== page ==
The author began collecting motorcycle brochures and magazines in 1962. Reproductions of and detailed information from these sources are included in this extensive reference guide. The author of this book is not a collector, a photographer, or a restorer. He is a super-nerd who clearly loves these classic machines. The earliest part of this book was written in 1985 on a 1959 IBM typewriter. Now with the help of modern computers, the whole, wonderful, magical story of that very special era in American history can finally be told!
Floyd M. Orr is a retiree from the financial services industry who has published seven books since 2000. He is not a prolific author. The Tiddler Invasion is the only book he will ever write about motorcycles. His books are of a unique type he calls Nonfiction in a Fictional Style. No two are from the same subject matter, yet all the author's books in the NIAFS Series share certain characteristics. Each one is firmly rooted in American Baby Boomer history, particularly the 1960s. Each contains thousands of facts and figures about the subject matter (remember the author's career background). Each book covers its subject matter with entertaining stories of nostalgia to complement the plethora of facts and figures. Every NIAFS book has been designed to be read first cover to cover and then kept on a shelf as a continually long-term reference.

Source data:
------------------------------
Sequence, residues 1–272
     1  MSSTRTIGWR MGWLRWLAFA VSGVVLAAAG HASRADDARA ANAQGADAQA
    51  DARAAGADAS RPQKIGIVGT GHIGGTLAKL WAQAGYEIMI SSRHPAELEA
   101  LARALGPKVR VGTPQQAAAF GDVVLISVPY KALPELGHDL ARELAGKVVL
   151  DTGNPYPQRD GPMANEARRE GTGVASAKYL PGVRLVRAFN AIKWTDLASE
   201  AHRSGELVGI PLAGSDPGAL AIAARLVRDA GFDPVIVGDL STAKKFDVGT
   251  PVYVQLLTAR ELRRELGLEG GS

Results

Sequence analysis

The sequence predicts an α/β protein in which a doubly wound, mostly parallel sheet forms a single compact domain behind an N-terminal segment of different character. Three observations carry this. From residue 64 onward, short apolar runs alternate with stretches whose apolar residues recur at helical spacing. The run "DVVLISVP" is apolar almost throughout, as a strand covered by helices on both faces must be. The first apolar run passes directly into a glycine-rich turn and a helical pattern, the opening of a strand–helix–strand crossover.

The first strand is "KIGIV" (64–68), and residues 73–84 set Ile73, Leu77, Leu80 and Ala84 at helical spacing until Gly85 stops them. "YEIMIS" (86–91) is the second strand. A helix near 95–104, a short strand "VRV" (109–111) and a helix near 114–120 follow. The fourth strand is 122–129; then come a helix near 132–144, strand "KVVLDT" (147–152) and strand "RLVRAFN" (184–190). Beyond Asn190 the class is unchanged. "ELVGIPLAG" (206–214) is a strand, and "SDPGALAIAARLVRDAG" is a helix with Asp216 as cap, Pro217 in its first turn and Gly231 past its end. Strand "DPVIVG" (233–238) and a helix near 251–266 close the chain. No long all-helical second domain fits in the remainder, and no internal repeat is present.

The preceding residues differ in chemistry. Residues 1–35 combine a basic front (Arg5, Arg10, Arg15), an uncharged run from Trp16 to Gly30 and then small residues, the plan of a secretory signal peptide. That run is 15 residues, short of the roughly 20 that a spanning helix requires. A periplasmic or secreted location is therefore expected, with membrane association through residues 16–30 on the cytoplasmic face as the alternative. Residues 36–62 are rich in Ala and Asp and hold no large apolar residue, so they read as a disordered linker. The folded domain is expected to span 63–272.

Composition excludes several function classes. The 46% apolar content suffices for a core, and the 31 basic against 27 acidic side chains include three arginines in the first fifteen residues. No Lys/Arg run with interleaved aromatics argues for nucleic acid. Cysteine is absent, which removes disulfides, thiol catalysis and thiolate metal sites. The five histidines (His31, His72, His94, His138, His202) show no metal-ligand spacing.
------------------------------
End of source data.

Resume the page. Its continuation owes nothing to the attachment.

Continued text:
Floyd M. Orr has always been a skinny little bookworm who lacks the physical traits necessary for success in competitive sports. He was born and raised in small towns in Mississippi and has lived his adult life in Texas. From the time he was handlebar high to a Harley Hummer, he has been fascinated with small motorcycles. His first access to the machines of his youth was discovered through the Sears Roebuck catalogs of the Fifties. The author's obsession was poured into concrete when his best friend got a Harley-Davidson Super 10 and his favorite cousin acquired a Honda Benly 150 in early 1960. He would soon become an avid trail rider while that new sport was in its infancy. He rode his Honda 350 from Mississippi to California in 1971. Like many young men of his generation, he was compelled to "find himself" by imitating Captain America. It was so much fun he did it TWICE to the tune of a howling Honda Scrambler!